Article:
For those of you that think I’m laying it on rather thick; that this might be an extremely rare situation for a woman to be in – maybe one in a million, I wish you were right. Unfortunately you’re not right and I’m not laying it on rather thick. This is reality for far too many women.

Having visited just such a residence and being a man, I’m a bit of a rarity. Men as a pretty hard rule aren’t allowed in women’s shelters. Even the nicest and best of men can trigger fear in those in residence there – being the one place they are assured they are completely safe. Having been in one on a professional basis, it’s given me some experiential insights I wouldn’t have otherwise. But even having made a visit to the inside, I’m not naïve enough to think I understand what it’s like to stay in residence there. I would never presume to feel that.

Can you understand perhaps even a little how difficult it must be to then go about rebuilding your life and trying to get a job? Whether you’re a Job Coach, Employment Counsellor, Temp Agency, Recruiter or Employer, you can’t ever know the story behind the woman who appears totally employable but for some odd reason is having problems moving ahead.

On the outside, this woman before you might seem pretty together. Perhaps she’s well-groomed, dressed appropriately, arrived on time for the interview and even interviewed well. Sure there’s the issue of very few references or little job experience but she seems to have the right personality and attitude for the work. Yet, why when you offered them the job did they decline? Or if they did take the job, why did they have to go and quit on you after just two days on the job?

It’s what you don’t know, and what they just can’t share with you that’s behind their apparent lack of respect for the trust you placed in them. At the moment their emotionally messed up to put it bluntly. There’s a gulf between what they want to do and what they are capable of doing. They know it, and now they feel guilt for having to decline a job offer they thought they could do.

If you knew their story, you’d get it. You might even Champion their efforts. Something to bear in mind if you find yourself puzzled with some woman’s behaviour.

Under Pressure?


The things to know about pressure are:

  1. What is causing it?
  2. How much can you take?
  3. How long can you take it?
  4. What can you do to ease it off?
  5. What can you do to end it?

Under pressure. Carrying around a burden for a short period is something most people are used to doing. Think of the pressure of an upcoming exam, your expectation of a first kiss, sitting beside the Driver Examiner as you do your driving test, watching your favourite team bat in the bottom of the ninth, down a run and down to your last at bat.

You might find the above examples bring back memories for you of tremendous pressure; or conversely you might see the examples I’ve provided as relatively minor sources of stress or none whatsoever. It really depends on the person and how you perceive each event. Of equal importance is how many other sources of stress you’re experiencing at a given moment.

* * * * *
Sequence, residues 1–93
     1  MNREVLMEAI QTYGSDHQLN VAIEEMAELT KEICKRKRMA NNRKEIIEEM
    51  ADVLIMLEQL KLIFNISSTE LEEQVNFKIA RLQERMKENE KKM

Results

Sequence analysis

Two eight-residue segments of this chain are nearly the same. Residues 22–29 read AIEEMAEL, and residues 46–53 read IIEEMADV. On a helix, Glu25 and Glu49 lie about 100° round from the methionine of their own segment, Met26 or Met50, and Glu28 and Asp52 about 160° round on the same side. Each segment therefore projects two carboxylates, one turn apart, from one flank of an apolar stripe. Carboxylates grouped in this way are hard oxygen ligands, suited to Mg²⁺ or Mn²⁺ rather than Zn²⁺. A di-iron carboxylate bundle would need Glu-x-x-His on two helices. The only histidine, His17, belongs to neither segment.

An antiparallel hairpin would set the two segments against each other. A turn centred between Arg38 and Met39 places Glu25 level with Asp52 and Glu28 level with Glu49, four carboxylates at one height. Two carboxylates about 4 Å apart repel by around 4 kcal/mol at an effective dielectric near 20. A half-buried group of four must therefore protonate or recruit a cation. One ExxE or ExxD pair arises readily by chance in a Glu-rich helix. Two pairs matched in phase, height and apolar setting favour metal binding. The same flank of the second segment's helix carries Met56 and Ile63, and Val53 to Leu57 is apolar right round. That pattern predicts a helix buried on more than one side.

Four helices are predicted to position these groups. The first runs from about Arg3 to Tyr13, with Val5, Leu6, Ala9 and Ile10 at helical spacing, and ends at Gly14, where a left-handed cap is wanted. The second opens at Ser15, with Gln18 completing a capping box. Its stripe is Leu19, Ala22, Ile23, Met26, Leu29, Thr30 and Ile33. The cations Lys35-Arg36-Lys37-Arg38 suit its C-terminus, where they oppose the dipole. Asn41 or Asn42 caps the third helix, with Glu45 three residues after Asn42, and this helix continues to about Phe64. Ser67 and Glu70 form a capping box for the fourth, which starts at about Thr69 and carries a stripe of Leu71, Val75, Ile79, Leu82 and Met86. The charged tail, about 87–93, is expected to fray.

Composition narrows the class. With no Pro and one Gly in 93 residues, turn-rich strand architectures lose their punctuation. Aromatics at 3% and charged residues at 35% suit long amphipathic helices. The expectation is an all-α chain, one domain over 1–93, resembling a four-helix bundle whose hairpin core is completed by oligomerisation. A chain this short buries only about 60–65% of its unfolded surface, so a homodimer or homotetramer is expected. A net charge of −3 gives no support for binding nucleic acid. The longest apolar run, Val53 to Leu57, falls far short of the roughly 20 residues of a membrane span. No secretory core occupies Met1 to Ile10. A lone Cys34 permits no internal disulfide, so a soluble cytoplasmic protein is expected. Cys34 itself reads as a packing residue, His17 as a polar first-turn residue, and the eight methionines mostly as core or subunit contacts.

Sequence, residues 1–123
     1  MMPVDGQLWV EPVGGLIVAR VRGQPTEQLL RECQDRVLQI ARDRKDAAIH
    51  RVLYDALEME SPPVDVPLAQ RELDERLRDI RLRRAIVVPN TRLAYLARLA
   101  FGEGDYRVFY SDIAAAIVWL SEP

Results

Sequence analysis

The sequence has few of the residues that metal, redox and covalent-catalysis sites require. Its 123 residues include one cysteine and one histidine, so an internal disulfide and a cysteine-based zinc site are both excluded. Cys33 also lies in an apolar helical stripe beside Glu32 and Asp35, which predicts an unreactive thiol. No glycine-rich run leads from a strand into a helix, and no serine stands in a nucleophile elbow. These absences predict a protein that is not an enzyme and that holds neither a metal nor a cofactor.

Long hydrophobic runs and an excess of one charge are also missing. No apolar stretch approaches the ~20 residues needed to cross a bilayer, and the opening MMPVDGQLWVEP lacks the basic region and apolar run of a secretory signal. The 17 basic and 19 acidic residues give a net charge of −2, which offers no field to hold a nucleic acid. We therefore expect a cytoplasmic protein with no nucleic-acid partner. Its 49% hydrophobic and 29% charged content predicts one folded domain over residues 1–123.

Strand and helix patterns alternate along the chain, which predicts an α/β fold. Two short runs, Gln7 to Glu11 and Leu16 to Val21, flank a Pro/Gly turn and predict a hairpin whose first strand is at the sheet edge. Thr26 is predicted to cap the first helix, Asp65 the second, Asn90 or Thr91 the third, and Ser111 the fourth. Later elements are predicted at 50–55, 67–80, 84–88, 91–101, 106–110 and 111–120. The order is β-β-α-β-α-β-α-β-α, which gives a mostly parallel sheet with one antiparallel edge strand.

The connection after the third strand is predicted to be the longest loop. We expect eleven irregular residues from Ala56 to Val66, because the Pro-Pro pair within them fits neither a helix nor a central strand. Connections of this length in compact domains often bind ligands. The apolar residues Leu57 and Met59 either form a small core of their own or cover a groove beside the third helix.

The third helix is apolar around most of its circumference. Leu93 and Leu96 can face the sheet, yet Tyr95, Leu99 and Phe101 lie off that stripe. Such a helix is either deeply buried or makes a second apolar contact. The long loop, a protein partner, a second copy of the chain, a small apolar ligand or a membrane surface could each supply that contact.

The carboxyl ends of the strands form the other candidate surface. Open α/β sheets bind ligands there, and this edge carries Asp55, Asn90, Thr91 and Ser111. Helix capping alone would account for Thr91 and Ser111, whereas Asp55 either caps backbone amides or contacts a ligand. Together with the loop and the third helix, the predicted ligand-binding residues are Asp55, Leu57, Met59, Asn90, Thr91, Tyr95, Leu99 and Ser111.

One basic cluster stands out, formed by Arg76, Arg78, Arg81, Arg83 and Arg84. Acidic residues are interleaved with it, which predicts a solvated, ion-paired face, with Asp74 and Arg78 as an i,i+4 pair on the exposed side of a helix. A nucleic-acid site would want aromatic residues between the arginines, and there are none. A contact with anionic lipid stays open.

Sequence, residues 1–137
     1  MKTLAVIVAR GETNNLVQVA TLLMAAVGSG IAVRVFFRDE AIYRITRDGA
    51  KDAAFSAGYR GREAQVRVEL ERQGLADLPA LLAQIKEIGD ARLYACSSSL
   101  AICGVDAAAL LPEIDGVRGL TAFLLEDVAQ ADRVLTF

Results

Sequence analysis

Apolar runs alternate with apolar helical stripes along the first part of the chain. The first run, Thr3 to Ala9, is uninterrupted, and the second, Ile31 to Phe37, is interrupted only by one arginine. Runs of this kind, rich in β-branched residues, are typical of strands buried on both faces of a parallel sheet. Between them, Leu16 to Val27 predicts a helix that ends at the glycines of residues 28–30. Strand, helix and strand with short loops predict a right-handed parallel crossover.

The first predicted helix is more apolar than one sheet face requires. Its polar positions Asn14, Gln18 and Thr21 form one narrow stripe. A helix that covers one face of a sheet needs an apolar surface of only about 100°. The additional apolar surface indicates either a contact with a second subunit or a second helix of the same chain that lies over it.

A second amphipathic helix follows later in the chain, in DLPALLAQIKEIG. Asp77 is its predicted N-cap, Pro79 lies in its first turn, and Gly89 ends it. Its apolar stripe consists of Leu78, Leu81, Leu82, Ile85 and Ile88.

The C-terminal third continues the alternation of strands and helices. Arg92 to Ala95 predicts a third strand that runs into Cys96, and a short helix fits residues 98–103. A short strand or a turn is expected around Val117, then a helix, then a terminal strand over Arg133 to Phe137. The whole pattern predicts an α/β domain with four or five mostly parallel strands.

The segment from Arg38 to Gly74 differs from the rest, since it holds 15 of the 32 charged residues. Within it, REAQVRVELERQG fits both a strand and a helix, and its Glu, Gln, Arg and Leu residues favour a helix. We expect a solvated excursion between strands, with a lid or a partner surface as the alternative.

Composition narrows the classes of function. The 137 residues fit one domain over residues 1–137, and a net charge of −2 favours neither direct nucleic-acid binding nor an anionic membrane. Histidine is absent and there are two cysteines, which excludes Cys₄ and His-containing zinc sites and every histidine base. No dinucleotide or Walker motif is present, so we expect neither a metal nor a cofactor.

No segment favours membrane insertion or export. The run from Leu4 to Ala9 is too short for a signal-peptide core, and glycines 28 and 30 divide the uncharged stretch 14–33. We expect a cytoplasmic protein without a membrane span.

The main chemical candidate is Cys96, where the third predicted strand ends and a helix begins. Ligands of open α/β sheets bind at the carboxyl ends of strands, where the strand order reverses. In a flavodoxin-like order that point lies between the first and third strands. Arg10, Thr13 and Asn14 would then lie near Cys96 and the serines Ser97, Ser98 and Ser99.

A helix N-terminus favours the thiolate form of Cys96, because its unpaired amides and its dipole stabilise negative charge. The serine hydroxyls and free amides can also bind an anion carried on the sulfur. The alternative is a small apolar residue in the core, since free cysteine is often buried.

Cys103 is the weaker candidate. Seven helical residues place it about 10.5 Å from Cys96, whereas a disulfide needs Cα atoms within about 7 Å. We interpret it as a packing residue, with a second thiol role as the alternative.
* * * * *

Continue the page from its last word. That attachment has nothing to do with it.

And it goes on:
So while going to the game to, ‘get away from it all’ for a couple of hours might be your friends idea of helping you cope with whatever stress you’re under, it could all backfire and be just the thing that sets you off. It may just put you over the top while those around you are hopeful for win but not incapacitated while the outcome is in jeopardy. Yes, you could be exiting the ballpark in the 8th inning and nowhere in sight in a close ball game, just unable to deal with one more potentially stressful event.

Looking for work, looking to get ahead at work; even just looking to keep the job you’ve got now, these too may be immense sources of frustration from which pressure to succeed is incredible. My experience assisting people with their employment aspirations continues to show that almost every job seeker has multiple sources of stress in their lives. If getting a job was the only thing they worried about and had to concentrate on things would be easier. By easier, I mean their concentration level and focus would be sharper, their ability to put into action the necessary steps to find the work better, and this would make the period of unemployment shorter.

However, finding work isn’t all that’s going on. There’s bills piling up, rent and child support to pay, reliable childcare to find, late buses to deal with, dirty clothes to clean and keep up-to-date. There are utility costs and interest on unpaid credit cards to pay down, expectations of family and friends to, “just get a job why don’t you!” that constantly irritate, resumes to write, ink for the printer to buy, food needed for the table, a throbbing toothache and growing anxiety that you’ll always be a burden. On the outside of course, you’re doing your best to fit in, look normal, smile to world and not let on that you’re floundering.

Really though, you’ve been under these pressures for so long, this constant state of chaos has become your new normal. Maybe that’s why self-medicating, forgetting everything for a couple of hours, seemed like something you could handle. Yeah, that didn’t work out as planned. Nope, when you’re honest with yourself you know you’ve got yet another problem, and you know it because you’re on the hunt for your next fix far too often; you’ve become dependent and that’s so typical of just how you see yourself.

No column is going to give you the fix for all the above, nor would I try. If you’re fortunate enough to have none of the above as your personal issue, you might be thinking I’m laying things on rather thick; that surely only a very rare few deal with what I’ve laid out altogether. I know you’re mistaken in that belief. In fact, I welcome the comments of any and all readers who might want to back up what I’ve said with their own experiences. It’s so hard to cope and focus on just getting and then holding down a job when a job is only one of maybe 30 things that are going on and adding to one’s pressure.